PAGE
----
In December 1943, Dr. Emmanuel Dias initiated an ambitious scientific project in Bambuí (State of Minas Gerais, Brazil) to address the epidemiology and control of Chagas disease 1–3 . Three years prior, Amilcar Martins and collaborators had described a hyperendemic incidence of the disease in that region based on the detection of 25 acute cases and a high level of housing infestation by Triatominae bugs1,4,5 . At that time, the recognition of this disease was very difficult and mainly limited to acute cases discovered by Carlos Chagas himself and Argentinian and Uruguayan researchers, namely, Romaña, Mazza and Talice 3,5 . Invited by Martins, Dias and Romaña immediately visited Bambuí and produced a historical report with a prophetical prognosis that a local center for the study of Chagas disease would provide a tremendous improvement in the knowledge and control of this trypanosomiasis 3,6,7 . In the face of difficult circumstances, Dias was charged by his director, Dr. Henrique Aragão, to proceed with this task 1,3 . In addition to the description of other acute cases of Chagas disease, Dias’s attention soon was drawn to the innumerable chronic cases, most of which presented with severe cardiopathy, which was responsible for premature deaths throughout the region. Within a few months, Dias wrote that it was urgently necessary to stop the transmission of Chagas by means of a drastic reduction in the number of domiciled vectors, an ambitious effort implemented via housing improvement, intensive health education and the use of available insecticides and physical tools such as flame-throwers, kerosene, caustic soda and hydrocyanic gas 1–3,7,8 . In parallel, the chronic disease also needed to be addressed. This task required improved diagnostic and clinical characterization, especially for cases involving heart disease 1,5,9,10 . Enthusiastic and ever determined, Dias recruited several colleagues from the Oswaldo Cruz Institute into various aspects of the project. These colleagues included an immunologist (Julio Muniz), pathologists (Aloisio Miranda and Magarinos Torres), an entomologist (Herman Lent), general physicians (Genard Nóbrega) and a cardiologist (Francisco Laranja). Additionally, José Pellegrino of Belo Horizonte was charged with assisting in insecticide trials and experimental cardiopathy 1–3 . As an immediate result, various aspects of the transmission and morbidity of Chagas disease were elucidated by means of well-planned epidemiological investigations, which were performed among non-selected regional populations and included serology coupled with entomology, electrocardiography and clinical data. Within a few years, the group had obtained an efficient insecticide (Gammexane) and elucidated the systematization of the basic clinical, epidemiologic and pathologic aspects of chronic cardiopathy due to Chagas disease 1–3,5,9–11 . At the beginning, the Center was installed in a modest house rented by the Institute. In 1951, a new and modern building was constructed using state, federal and municipal resources1 ( Figure 1 ).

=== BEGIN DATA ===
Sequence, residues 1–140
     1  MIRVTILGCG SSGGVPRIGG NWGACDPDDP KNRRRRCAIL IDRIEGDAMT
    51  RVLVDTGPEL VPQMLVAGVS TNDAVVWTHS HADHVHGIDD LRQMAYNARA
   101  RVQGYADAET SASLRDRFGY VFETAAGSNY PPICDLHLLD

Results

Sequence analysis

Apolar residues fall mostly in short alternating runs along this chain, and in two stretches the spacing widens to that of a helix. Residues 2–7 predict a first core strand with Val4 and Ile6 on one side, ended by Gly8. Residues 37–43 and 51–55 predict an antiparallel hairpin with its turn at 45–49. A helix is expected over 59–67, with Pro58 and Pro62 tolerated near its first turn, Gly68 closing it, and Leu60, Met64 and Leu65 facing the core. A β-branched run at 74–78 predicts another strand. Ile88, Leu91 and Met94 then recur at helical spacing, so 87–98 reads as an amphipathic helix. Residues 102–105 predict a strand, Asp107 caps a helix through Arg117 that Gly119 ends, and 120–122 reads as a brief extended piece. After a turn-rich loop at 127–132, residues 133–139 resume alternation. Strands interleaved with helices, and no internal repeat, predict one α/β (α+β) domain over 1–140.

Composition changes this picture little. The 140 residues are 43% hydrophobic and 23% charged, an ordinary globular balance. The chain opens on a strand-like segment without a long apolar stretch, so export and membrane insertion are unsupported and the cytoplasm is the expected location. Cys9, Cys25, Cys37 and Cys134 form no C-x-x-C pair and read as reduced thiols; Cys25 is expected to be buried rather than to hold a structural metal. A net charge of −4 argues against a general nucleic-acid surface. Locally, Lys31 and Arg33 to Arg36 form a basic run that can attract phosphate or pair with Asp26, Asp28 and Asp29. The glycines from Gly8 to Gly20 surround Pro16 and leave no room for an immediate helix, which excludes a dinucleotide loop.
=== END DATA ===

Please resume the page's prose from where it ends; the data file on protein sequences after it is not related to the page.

The control activities in Bambuí had an extraordinary impact, swiftly diminishing the incidence of acute cases and, consequently, the prevalence of infection in young individuals 1–3,7,10,11 . Convinced of an urgent need to expand the fight against triatomine bugs, Dias initiated a fact-finding tour throughout Latin America and international agencies in the middle of the 1950s, insisting that vector control was a feasible and undeferrable task 2,3,7 . At the same time, the incidence and severity of the disease began to be recognized in several endemic areas where the epidemiological model tested in Bambuí was implemented. By involving governors and health authorities, chiefly Mario Pinotti, the leader of Brazilian Malariology and his friend, Dias achieved the implementation of vector control throughout a large area of the States Minas Gerais and São Paulo. This trial was so successful that the results stimulated the creation of the National Programme for Chagas Disease Control 1–3,5,7,8 . Emmanuel Dias died prematurely in 1962, although the work in Bambuí was continued by the staff of the Institute Oswaldo Cruz and, subsequently, by the René Rachou Center, headquartered in Belo Horizonte. In 1979, the center was rechristened Posto Avançado de Pesquisas Emmanuel Dias (PAEED) by the president of the Oswaldo Cruz Foundation (FIOCRUZ), Dr. Guillardo Martins Alves2 10. The legacy from the pioneering first 20 years provided three basic directions: to maintain and improve vector control, to describe the natural history of human Chagas disease (HCD) via the systematic and longitudinal follow-up of infected individuals and to seek new options and tools for the medical management of chronic patients. With such a perspective, a new phase of vector control was implemented in the municipality in 1974, consisting of an epidemiological surveillance of triatomines carried out at the municipal level and supported by extensive community participation. In parallel, new insecticides were tested as replacements to the proscribed Gammexane; members of the pyrethroid group were mainly used because they have greater residual action and are less harmful to humans and the environment 2,7,11 .